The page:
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Sallo v. Sabatino

New Jersey Superior Court, Appellate Division

Decided: December 13, 1976.


Crane, Michels and Leonard. The opinion of the court was delivered by Crane, P.J.A.D.


[146 NJSuper Page 417] This is an automobile, personal injury, negligence action. Plaintiffs appeal from the denial of their motion for a new trial. They contend that the verdict in favor of plaintiff husband in the amount of $5,000 was grossly inadequate and that the verdict of no cause for action on plaintiff wife's claim for loss of services was a miscarriage of justice under the law. They also contend that the trial judge erred in refusing to admit a hospital bill; that he in informing the jury that plaintiffs recovered damages in a previous automobile negligence case involving

[146 NJSuper Page 418]

similar injuries, and had erred in admitting into evidence a medical report of plaintiffs' medical expert relating to the previous injury which described plaintiff husband as totally disabled.

We have carefully reviewed the record. The evidence of the extent of plaintiff husband's injuries was sharply in conflict and subject to evaluation with regard to credibility. We are of the opinion that the jury could reasonably have reached the verdict it rendered on the basis of the evidence before it. In our view the verdict was not a miscarriage of justice under the law. See Dolson v. Anastasia , 55 N.J. 2, 6-8 (1969); R. 2:10-1; R. 4:49-1(a).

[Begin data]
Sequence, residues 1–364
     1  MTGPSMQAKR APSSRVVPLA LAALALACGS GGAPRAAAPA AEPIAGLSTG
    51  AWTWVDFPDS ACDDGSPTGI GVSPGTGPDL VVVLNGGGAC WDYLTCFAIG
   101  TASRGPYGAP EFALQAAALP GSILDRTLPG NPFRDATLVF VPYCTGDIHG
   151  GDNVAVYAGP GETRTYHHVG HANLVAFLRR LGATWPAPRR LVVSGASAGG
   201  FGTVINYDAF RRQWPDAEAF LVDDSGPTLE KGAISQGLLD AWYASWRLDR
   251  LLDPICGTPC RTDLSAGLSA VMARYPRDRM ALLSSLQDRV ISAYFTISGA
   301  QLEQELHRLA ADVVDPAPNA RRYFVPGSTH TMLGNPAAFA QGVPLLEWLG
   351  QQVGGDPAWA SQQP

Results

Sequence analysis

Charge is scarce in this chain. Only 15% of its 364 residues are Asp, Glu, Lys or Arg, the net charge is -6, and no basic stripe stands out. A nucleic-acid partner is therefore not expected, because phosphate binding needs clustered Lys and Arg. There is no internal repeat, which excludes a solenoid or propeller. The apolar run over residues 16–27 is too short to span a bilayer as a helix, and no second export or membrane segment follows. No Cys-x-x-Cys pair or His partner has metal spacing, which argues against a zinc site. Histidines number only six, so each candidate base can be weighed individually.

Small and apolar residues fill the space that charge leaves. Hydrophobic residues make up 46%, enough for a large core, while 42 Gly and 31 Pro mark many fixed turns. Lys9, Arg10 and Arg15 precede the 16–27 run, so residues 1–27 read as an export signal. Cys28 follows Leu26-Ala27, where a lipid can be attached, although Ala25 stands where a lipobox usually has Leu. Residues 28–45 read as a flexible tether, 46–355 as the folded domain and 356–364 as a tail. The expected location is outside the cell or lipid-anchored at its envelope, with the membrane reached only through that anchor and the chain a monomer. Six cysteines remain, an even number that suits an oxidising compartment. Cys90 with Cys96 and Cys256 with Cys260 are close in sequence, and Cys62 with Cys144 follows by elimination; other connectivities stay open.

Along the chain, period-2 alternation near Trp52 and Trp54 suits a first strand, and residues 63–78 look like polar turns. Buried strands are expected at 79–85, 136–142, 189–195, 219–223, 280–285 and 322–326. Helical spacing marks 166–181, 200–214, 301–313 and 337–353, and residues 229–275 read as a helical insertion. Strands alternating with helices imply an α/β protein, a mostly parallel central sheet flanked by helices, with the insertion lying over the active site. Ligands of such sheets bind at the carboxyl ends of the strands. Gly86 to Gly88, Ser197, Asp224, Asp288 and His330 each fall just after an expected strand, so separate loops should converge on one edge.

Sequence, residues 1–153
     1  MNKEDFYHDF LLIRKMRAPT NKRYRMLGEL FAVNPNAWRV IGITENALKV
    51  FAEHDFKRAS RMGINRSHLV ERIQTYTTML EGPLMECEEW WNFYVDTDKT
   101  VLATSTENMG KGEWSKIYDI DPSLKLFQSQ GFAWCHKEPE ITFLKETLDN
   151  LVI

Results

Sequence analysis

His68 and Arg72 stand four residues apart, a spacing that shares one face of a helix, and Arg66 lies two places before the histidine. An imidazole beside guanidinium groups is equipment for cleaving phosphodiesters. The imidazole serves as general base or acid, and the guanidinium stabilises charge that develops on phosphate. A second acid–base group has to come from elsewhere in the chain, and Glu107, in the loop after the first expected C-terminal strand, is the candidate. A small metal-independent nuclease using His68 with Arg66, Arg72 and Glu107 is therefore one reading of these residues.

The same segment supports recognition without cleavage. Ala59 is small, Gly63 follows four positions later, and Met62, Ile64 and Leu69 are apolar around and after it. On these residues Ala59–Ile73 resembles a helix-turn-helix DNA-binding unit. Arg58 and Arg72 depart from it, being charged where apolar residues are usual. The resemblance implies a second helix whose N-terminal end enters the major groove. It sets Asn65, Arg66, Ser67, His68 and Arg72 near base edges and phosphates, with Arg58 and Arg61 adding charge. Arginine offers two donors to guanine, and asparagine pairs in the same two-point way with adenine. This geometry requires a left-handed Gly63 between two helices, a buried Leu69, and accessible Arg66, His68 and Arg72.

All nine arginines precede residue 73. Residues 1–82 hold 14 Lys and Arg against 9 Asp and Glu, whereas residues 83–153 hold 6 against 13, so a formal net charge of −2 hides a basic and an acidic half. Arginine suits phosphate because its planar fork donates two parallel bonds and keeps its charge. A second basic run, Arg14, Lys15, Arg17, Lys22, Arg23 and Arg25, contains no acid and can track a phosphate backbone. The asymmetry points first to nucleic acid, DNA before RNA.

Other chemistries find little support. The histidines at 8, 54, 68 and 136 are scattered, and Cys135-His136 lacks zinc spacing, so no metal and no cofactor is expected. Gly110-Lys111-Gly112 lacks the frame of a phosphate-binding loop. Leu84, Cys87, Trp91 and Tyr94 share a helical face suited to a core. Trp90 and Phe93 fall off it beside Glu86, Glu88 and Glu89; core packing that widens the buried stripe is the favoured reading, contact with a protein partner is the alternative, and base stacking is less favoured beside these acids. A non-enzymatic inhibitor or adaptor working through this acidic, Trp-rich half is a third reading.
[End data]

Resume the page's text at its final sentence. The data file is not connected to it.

In offering the hospital bill plaintiffs did not lay a proper foundation showing that the treatment was necessary and the charges reasonable. Garafola v. Rosecliff Realty Co. , 24 N.J. Super. 28, 43 (App. Div. 1952). We find no error in the judge's informing the jury that plaintiffs had realized a recovery as a result of the prior injury. During the course of the trial the jury was properly made aware of the previous injury and the previous lawsuit which involved a similar collision which plaintiffs claimed resulted in similar injuries.

The medical report had been furnished by plaintiffs to defense counsel in the previous litigation in answer to interrogatories. Question No. 3 of the interrogatories asked for a detailed description of the nature, extent and duration of all injuries. The answer furnished was, "See Doctor's Reports." Question No. 7 requested two copies of all written reports rendered by doctors whom plaintiffs proposed to have testify in their behalf. In response to both questions the report of Dr. Jack Sall was attached. In its entirety this report stated: "Mr. Sallo was examination [sic] by me on August 26, 1971. It is my opinion that he is totally disabled at this time." In submitting the report in support of their claims in the previous lawsuit plaintiffs were presumably manifesting their adoption of it and their belief in its truth. 4 Wigmore, Evidence , (Chadbourn rev. 1972),

[146 NJSuper Page 419]

§ 1073 at 129. We are not made aware of any disclaimer or limiting language having been incorporated into the answer to interrogatories relating to the disputed medical report. The fact that a copy of the doctor's report was submitted as the answer to the interrogatory seeking to elicit the nature and extent of plaintiff's claimed injuries indicates quite clearly that plaintiffs intended to rely on the opinion of the doctor in furtherance of the objectives of their cause of action. R. 4:10-2(d). Under the circumstances the contents of the doctor's report were adopted by plaintiffs and were admissible as an adoptive admission pursuant to Evid. R. 63(8). Bageard v. Consolidated Traction Co. , 64 N.J.L. 316, 321 (E. & A. 1899). See also, Christy v. N.Y. Central & Hudson R.R. Co. , 90 N.J.L. 540 (E. & A. 1917); United States v. Article of Drug , 362 F.2d 923 (3 Cir. 1966); Pekelis v. Transcontinental & Western Air, Inc. , 187 F.2d 122, 128 (2 Cir. 1951), cert. den. 341 U.S. 951, 71 S. Ct. 1020, 95 L. Ed. 1374 (1951); Fed. Rules Evid. Rule 801(d)(2)(B), 28 U.S.C.A.; McCormick, Evidence , 2nd Ed. 1972, § 269 at 649; 4 Wigmore, op. cit. , § 1075 at 148.

Judgment affirmed.


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